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Subclavian Steal Syndrome Treatment & Management

  • Author: Iman Bayat, MBBS, MRCS; Chief Editor: Vincent Lopez Rowe, MD  more...
 
Updated: Nov 19, 2015
 

Approach Considerations

Patients with atherosclerotic occlusive plaques in the subclavian artery are usually asymptomatic and therefore require no treatment. However, if either vertebrobasilar symptoms or exercise-induced arm pain occurs, a search for subclavian artery occlusive disease should be undertaken.

No medical therapy is known to be capable of effectively treating subclavian steal syndrome. However, if the cause of subclavian steal syndrome is determined to be atherosclerotic stenosis or occlusion of the proximal subclavian artery, patients should be treated with lifelong antiplatelet therapy to reduce the risk of associated myocardial infarction, stroke, and other vascular causes of death.

If the ischemic symptoms are due to retrograde vertebral artery blood flow, surgical or interventional (ie, angioplasty or stenting) therapy is indicated. The goal is to restore antegrade blood flow in the vertebral artery, thereby alleviating symptoms. This goal can be achieved by restoring adequate perfusion pressure to the affected arm so that collateral blood flow from the head and neck is not required during arm exercise.

Surgical or interventional treatment should not be offered to treat subclavian artery stenosis or occlusion in the absence of symptoms related to either cerebral or ipsilateral arm ischemia. Symptoms (eg, ataxia, dysarthria, diplopia, and muscle cramping in the arm) must be associated with exercise and resolve quickly after cessation of exercise.

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Proximal Subclavian Endarterectomy

First described in 1962 by DeBakey, the transthoracic approach to endarterectomy provided an excellent anatomic view for revascularizing the subclavian artery. Currently, direct surgical approaches to the proximal subclavian artery are of historical interest only, because endarterectomy has largely been replaced by less invasive extrathoracic bypass procedures; intraoperative mortality had ranged from 6% to 19%.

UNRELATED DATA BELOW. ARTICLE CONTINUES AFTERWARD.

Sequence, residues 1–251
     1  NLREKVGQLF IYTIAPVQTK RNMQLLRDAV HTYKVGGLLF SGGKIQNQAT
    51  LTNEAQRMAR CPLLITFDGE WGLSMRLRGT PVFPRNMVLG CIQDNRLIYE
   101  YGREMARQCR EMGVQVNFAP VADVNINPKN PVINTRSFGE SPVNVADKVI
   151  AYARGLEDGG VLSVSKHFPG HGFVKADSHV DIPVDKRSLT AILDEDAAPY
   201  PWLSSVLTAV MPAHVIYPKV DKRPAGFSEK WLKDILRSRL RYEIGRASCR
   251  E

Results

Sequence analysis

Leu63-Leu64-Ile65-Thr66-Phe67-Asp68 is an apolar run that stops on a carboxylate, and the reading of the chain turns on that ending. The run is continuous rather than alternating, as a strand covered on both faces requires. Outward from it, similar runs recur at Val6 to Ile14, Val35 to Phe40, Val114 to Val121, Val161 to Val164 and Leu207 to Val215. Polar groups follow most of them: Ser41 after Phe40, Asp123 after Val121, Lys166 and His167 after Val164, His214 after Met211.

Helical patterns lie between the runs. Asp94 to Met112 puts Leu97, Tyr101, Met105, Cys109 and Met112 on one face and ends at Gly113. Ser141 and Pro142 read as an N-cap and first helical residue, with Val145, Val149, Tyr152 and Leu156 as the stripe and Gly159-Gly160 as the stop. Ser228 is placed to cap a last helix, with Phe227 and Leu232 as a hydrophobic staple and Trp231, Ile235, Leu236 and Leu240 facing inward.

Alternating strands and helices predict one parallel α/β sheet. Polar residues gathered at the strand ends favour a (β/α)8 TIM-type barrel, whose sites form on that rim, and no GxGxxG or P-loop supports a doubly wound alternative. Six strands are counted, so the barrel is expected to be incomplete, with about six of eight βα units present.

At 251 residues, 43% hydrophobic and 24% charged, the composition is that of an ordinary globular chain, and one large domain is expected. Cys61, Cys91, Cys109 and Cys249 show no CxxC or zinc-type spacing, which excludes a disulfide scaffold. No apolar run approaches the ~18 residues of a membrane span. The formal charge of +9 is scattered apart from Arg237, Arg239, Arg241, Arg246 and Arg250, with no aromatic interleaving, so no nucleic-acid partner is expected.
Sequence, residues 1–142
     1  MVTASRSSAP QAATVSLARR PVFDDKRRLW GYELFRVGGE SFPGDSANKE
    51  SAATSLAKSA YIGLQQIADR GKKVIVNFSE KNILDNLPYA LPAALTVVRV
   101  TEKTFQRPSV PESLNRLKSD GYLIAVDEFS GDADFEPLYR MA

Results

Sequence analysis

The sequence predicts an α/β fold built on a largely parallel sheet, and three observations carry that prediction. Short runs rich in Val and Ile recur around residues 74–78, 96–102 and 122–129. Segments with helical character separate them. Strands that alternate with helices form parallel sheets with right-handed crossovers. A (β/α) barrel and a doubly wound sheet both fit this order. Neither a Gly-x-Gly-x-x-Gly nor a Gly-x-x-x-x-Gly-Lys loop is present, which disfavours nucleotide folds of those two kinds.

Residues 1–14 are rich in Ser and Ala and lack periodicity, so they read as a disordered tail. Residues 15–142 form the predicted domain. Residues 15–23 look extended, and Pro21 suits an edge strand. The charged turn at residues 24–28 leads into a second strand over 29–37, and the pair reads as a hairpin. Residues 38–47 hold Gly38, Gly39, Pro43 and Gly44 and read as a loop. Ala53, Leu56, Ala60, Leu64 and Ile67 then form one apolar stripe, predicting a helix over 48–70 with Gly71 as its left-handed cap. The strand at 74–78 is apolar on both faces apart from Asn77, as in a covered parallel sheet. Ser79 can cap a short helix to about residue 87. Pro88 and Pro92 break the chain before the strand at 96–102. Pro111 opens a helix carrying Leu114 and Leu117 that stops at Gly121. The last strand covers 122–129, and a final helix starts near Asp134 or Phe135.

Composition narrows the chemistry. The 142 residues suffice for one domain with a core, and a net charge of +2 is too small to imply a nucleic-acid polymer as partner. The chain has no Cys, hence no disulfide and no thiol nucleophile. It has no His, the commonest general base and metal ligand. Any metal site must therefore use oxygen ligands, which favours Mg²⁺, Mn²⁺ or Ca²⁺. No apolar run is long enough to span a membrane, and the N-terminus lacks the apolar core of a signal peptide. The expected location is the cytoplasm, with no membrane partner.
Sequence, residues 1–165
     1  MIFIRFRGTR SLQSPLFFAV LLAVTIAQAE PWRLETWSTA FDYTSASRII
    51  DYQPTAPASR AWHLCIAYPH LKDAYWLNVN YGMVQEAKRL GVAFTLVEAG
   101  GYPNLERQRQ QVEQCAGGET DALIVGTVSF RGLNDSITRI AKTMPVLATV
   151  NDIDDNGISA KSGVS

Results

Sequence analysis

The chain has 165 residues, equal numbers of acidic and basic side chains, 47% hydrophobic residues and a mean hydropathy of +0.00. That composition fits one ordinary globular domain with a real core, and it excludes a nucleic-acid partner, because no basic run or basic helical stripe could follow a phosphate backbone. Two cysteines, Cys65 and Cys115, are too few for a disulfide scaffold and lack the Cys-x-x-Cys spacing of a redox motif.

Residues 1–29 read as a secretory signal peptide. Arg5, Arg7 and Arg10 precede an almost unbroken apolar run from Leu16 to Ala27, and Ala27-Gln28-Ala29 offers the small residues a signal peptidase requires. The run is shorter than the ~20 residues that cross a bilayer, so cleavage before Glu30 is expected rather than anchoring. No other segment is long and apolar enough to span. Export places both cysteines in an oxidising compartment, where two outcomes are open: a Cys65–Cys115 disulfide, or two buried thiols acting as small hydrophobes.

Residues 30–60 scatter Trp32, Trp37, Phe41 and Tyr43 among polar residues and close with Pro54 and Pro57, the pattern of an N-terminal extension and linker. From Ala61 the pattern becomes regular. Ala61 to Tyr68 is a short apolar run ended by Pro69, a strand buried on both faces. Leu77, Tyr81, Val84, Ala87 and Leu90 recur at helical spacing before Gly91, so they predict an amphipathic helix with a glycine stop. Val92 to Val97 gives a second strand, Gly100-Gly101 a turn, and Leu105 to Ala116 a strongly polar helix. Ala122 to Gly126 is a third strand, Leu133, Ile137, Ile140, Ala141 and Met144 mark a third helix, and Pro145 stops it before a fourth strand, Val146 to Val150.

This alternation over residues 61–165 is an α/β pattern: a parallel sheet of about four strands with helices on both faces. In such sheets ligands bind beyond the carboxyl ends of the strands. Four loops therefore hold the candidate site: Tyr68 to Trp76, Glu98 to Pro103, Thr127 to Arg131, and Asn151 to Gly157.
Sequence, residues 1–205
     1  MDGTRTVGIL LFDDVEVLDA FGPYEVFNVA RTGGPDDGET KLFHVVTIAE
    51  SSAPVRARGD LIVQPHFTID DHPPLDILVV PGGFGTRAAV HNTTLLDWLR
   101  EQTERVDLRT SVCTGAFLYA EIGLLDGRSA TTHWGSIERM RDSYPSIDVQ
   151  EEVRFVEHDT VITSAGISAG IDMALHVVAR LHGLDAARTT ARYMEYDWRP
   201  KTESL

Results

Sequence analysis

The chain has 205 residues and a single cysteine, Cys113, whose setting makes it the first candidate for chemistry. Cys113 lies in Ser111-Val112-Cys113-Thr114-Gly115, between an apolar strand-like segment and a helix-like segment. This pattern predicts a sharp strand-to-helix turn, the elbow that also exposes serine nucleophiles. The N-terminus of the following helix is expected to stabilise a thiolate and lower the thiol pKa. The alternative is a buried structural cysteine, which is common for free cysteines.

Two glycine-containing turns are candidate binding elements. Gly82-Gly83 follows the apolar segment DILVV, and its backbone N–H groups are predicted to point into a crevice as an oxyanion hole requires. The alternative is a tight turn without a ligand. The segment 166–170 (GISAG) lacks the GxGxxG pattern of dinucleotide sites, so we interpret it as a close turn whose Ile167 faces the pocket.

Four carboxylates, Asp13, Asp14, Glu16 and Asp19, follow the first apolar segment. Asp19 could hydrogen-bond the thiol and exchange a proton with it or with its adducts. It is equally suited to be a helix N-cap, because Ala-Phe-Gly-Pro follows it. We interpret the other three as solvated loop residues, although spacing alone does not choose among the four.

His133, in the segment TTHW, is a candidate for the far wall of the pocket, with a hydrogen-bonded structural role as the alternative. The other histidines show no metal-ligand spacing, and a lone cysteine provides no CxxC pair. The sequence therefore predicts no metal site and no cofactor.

With endarterectomy, the artery is opened after vascular control is obtained, and the plaque, diseased intima, and internal elastic lamina of the vessel are removed, thus disobliterating the lumen.

Because the occlusive lesions in the proximal left subclavian artery develop as an extension of plaque from the aortic arch, partial occlusion of the arch must be performed to ensure that the entire lesion is effectively removed. On the left side, surgical exposure must be obtained through an anterolateral thoracotomy in the third intercostal space. On the right side, exposure can be accomplished through a transverse incision in the base of the neck without the need for thoracotomy.

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Carotid Intervention

In patients with severe concomitant carotid artery disease, this condition may contribute to cerebral hypoperfusion in the setting of subclavian steal. Carotid endarterectomy for carotid bifurcation disease may improve cerebral perfusion. Proximal common carotid artery disease may be best approached angiographically for angioplasty or stenting.

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Surgical Bypass or Transposition

Extrathoracic carotid-subclavian bypass

Extrathoracic carotid-subclavian bypass using a prosthetic conduit has largely replaced subclavian endarterectomy; mortality is 0.5%. Surgical exposure is easily obtained through a transverse incision at the base of the neck that extends 5-7 cm laterally from the sternal notch parallel to the clavicle.

Conventionally, 6- to 8-mm Dacron or polytetrafluoroethylene (PTFE) prosthetic grafts are used; autogenous vein has poor 5-year patency rates.[8] End-to-side (graft-to-artery) anastomoses can be performed without difficulty. The procedure is generally well tolerated.

Subclavian transposition

The subclavian artery can also be transposed to a new origin on the side of the common carotid artery. This operation is also performed through a transverse incision at the base of the neck and has the advantages of not requiring prosthetic material and of excluding the stenosis as a source of potential emboli. The required dissection is more extensive than that required for carotid-subclavian bypass, and care must be taken to avoid injury to the thoracic duct on the left side. An end-to-side subclavian-to-carotid anastomosis is performed.

Long-term results are similar to those of carotid-subclavian bypass. In patients who have an early origin of the vertebral artery or have had an internal thoracic artery harvested for coronary surgery, the bypass procedure is preferred.

Axillary-axillary bypass and variants

In settings where the ipsilateral carotid is unsuitable for carotid-subclavian bypass, the axillary artery may be revascularized via axillary-axillary bypass using a subcutaneously tunneled ring-reinforced prosthetic graft. Alternatively, axillofemoral bypass may be performed. These grafts are often superficial and are prone to infection. In severe innominate artery disease, antetracheal or sequential retroesophageal carotid-carotid and carotid-subclavian bypass can be performed.

Technical approach